|Publication number||US6252409 B1|
|Application number||US 09/246,891|
|Publication date||Jun 26, 2001|
|Filing date||Feb 8, 1999|
|Priority date||Feb 8, 1999|
|Publication number||09246891, 246891, US 6252409 B1, US 6252409B1, US-B1-6252409, US6252409 B1, US6252409B1|
|Original Assignee||Akira Iijima|
|Export Citation||BiBTeX, EndNote, RefMan|
|Patent Citations (8), Referenced by (18), Classifications (6), Legal Events (3)|
|External Links: USPTO, USPTO Assignment, Espacenet|
The present invention is generally related to electrical test equipment and, more particularly to a system and method of identifying the location of a short circuit in an electrical conductor, such as a wire.
Many failures associated with electrical systems are due to problems in wiring or electrical connections. A common wire failing is a “short”. A short occurs when the insulation between wires becomes chaffed or broken, allowing the wires the contact each other or the chassis.
Wires can be difficult to detect, especially if the wire is not accessible, or covered by other wires in the wire harness. An ohmmeter is used to measure the resistance between points, and can be used to detect if a wire is shorted. However, it is difficult to use an ohmmeter to determine the exact location of a short.
One common technique to trace the path of a wire involves the introduction of an a.c. signal to the wire under test. An inductive type sensor is then used with a meter or other indicator to locate the wire. The sensor is susceptible to fields generated in the wire. By correlating the position of the sensor and the indicator signal, the operator is able to trace the path of current flow and, therefore, the path of the wire.
Previous inductive sensor systems have used audio, or even higher frequency signals to generate the fields in the wire under test. However, the stray capacitance can couple between the wire under test, and shields, or other objects in the vicinity. This coupling of signals can be a problem with higher frequency signals and leads to unreliable field detection. While is may be easy to determine the general location of the wire under test when its field is coupled into surrounding objects, this stray capacitance makes the precise location of the wire under test difficult.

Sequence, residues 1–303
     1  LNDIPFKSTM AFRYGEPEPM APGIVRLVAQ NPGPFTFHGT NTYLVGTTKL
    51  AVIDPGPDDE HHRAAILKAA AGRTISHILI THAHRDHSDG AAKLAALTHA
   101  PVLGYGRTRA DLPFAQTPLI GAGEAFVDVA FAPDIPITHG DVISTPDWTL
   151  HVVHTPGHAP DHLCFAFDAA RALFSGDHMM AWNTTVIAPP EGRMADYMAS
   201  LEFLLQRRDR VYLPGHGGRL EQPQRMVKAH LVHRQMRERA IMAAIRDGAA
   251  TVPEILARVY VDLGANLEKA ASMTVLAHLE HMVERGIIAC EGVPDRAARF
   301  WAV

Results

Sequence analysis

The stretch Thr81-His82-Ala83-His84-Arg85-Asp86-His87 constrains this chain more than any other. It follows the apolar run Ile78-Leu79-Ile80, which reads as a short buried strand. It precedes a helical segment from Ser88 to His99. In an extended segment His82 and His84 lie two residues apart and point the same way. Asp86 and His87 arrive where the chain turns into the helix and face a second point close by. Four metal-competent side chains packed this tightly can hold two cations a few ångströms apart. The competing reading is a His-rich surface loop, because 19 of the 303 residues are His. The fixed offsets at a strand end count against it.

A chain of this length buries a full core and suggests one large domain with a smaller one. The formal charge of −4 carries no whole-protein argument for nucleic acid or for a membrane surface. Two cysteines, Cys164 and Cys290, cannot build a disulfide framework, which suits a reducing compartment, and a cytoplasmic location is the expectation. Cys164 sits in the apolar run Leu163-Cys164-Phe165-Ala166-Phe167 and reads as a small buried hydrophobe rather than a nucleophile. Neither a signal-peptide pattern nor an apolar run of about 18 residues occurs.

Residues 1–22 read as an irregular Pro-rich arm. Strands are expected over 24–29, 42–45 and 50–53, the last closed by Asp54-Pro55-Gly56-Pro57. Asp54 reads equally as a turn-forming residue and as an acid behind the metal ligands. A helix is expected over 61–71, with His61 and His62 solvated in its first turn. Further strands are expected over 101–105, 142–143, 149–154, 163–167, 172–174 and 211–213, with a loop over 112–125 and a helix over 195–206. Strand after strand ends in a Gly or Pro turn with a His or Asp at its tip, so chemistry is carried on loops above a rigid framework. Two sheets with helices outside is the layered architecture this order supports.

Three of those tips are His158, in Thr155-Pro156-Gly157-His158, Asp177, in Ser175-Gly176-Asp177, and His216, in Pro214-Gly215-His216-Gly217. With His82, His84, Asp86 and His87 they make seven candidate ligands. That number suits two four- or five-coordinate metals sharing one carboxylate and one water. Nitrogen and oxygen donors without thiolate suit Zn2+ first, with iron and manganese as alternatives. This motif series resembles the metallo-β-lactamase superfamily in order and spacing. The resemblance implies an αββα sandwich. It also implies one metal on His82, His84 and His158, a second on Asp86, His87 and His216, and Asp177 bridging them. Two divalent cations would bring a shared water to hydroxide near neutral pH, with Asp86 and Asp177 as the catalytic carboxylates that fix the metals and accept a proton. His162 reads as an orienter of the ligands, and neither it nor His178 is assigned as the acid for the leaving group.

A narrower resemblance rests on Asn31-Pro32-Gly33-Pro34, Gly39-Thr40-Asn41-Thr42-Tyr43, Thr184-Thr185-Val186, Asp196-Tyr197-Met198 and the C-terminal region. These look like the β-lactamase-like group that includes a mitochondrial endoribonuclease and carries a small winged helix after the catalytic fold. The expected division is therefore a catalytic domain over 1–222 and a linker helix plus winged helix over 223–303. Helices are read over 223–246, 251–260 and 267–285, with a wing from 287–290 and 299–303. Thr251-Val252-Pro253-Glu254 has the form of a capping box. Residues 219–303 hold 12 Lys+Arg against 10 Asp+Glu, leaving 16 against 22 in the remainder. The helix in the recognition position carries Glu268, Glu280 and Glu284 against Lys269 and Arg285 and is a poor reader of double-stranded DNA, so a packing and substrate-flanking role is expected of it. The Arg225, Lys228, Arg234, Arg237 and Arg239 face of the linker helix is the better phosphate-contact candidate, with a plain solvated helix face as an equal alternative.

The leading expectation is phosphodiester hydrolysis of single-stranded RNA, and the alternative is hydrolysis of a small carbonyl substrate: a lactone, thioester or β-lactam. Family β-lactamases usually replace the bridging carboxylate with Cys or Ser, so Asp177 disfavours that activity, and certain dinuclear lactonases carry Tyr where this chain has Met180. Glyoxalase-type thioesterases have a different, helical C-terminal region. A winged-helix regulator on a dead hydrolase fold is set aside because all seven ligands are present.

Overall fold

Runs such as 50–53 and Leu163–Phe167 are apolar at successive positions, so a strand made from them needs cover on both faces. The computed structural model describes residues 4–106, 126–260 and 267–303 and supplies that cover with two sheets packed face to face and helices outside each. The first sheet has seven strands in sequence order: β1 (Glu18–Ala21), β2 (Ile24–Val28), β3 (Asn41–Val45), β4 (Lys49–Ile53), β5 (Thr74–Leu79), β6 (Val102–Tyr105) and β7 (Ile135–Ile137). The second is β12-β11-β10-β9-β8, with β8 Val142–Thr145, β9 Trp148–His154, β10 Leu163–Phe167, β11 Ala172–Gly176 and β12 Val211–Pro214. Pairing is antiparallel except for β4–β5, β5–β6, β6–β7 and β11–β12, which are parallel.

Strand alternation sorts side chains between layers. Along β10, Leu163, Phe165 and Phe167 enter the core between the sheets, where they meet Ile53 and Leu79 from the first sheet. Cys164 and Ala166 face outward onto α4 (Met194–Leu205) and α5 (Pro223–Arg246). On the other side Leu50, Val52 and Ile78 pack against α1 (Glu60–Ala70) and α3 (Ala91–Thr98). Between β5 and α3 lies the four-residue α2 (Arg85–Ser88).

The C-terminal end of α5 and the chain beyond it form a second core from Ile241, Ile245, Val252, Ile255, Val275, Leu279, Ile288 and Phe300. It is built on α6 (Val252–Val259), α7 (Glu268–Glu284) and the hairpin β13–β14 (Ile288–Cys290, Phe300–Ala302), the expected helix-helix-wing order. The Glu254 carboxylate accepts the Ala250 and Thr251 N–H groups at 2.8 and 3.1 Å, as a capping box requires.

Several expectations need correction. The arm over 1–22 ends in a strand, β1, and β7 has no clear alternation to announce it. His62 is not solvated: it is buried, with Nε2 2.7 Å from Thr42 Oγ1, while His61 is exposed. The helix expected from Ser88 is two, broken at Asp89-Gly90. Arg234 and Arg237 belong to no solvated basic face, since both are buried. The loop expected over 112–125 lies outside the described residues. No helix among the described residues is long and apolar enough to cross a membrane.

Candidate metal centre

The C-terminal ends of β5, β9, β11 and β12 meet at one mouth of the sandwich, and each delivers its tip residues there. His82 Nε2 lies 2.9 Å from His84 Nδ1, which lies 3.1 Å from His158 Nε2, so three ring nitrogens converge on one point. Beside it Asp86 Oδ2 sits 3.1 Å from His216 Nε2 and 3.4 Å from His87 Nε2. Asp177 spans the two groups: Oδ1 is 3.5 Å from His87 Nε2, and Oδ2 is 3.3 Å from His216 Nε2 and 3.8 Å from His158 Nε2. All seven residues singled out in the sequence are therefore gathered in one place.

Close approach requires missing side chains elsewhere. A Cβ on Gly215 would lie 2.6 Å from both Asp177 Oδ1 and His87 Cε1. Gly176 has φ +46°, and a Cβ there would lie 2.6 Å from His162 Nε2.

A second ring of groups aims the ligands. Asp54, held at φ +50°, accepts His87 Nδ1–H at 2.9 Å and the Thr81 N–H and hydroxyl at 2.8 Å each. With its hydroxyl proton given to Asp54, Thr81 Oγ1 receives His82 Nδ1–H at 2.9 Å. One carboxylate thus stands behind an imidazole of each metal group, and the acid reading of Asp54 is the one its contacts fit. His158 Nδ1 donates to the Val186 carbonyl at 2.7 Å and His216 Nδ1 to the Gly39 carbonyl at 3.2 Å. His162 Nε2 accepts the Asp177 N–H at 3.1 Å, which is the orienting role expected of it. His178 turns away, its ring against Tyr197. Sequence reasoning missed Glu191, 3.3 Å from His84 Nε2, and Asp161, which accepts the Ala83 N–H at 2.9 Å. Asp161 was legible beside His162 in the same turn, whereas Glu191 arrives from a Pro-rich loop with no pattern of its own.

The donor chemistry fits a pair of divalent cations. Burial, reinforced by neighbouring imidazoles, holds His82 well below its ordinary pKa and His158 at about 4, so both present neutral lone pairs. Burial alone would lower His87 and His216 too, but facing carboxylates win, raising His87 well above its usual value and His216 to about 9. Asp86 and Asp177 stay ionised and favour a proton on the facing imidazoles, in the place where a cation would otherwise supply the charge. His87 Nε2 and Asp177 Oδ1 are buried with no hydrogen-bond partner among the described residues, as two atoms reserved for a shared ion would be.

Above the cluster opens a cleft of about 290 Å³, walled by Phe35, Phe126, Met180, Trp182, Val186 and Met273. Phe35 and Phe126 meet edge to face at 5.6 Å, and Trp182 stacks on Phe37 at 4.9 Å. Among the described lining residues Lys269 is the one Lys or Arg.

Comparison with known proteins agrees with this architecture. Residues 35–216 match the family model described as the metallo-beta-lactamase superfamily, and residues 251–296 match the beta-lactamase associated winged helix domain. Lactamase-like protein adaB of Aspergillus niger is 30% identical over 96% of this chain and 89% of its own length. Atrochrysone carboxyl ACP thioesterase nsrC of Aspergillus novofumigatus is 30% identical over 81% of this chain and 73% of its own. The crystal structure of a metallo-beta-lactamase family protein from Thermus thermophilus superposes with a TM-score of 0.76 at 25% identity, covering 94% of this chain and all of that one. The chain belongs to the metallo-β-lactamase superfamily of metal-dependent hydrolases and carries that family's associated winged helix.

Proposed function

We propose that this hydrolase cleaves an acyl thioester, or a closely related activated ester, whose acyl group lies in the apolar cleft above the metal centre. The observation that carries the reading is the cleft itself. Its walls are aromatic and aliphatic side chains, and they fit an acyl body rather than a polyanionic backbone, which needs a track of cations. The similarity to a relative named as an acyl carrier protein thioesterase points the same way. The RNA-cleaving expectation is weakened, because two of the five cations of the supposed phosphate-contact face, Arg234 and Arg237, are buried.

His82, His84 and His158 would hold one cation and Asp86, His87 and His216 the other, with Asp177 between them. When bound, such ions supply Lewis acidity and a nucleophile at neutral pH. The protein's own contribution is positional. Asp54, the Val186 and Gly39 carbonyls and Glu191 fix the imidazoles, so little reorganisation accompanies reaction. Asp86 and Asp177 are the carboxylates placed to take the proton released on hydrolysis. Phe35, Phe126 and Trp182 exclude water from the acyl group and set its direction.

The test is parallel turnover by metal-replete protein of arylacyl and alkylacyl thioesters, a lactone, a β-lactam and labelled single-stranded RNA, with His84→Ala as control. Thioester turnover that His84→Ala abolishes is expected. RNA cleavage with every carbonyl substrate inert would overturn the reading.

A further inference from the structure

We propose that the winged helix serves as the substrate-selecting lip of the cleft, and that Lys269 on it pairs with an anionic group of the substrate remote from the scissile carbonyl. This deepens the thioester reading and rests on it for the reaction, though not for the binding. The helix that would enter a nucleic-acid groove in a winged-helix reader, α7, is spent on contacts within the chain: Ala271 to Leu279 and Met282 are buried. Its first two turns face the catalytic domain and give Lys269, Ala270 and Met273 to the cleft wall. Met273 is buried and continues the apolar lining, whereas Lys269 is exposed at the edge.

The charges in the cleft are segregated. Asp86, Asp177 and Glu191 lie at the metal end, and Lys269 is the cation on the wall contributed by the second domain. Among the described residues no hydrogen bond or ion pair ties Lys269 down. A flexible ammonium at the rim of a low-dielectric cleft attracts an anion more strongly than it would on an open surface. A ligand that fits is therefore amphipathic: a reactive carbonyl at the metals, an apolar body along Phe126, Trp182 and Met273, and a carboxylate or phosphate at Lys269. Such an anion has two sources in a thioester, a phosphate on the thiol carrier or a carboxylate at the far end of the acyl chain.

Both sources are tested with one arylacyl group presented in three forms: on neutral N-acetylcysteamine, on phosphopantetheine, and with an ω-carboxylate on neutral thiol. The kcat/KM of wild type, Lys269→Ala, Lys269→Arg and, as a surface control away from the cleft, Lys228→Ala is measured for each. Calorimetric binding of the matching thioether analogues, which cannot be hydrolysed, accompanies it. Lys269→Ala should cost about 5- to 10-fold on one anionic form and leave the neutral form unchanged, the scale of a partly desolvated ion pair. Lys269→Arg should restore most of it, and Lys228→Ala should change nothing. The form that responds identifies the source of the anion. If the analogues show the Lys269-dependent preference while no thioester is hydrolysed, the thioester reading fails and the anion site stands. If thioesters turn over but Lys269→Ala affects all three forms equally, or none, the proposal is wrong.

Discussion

The identification of short circuits is a problem closely related to the location of wires. A shorted wire carries the test signal from the test signal transmitter to the point where it is shorted. Generally, the exact location of the short must be determined before it can be repaired.
Even when the location of a short is identifiable, accurate detection of the exact location of a short in a conductor can be difficult. Accurate detection is especially difficult when many wires are in close contact, such as in a wire bundle or wire harness. Then, some wires may radiate magnetic fields, in response to the conduction of current. Other, closely situated, wires may become susceptive to the radiated fields, and conduct current in response to the magnetic field. Thus, a short in one wire induces the appearance of a short in a neighboring wire. Likewise, signal currents may appear as shorts to the short detection equipment. Further, the resistance associated with electrical motors and light bulbs, for example, is so low that wire connected to these types of devices may appear to be shorted.
In general, large wattage light bulbs have a lower resistance than more smaller, low wattage light bulbs. Electrical motors have a higher resistance than light bulbs. Light bulbs and electrical motors are liable to give a short detector a false indication of a short circuit. Thus, if a short detector is placed closer to an electrical line connected to a light bulb, than to the wire with the actual short. The detector may falsely determine that the short is in the wire connected to the light bulb.
Other factors affect the accuracy of determining a short in a conductor. A wire that is well-shorted, having a low resistance to ground, is relatively easy to identify. A wire that is shorted with a larger resistance to ground is more difficult to detect. Also, shorts in wires associated with devices that consume large amounts of power are difficult to accurately identify. Ideally, a line with no short should also be easy to identify. That is, a line with no short should not generate a false detection of a short. However, as mentioned above, the resistance of the device connected to the wire under test in critical in the accuracy of measuring shorts.
A relative ranking of short identification, or accuracy with respect to the electrical device attached to the wire under test follows:
12 volt radio
12 volt relay
12 volt, 10 watt light bulb
12 volt, 120 watt motor
12 volt, 20 watt light bulb
12 volt, 55 watt light bulb
Akira, in U.S. Pat. No. 5,621,600, discloses a portable apparatus to locate shorts in a conductor. The system uses a transmitter to generate a test signal. Current induced by the test signal through the conductor creates a magnetic field. A sensor/receiver locates the short by moving the sensor along the conductor under test, while looking for discontinuities in the field readings. While the system is effective, stray fields sometimes make the precise location of a short difficult.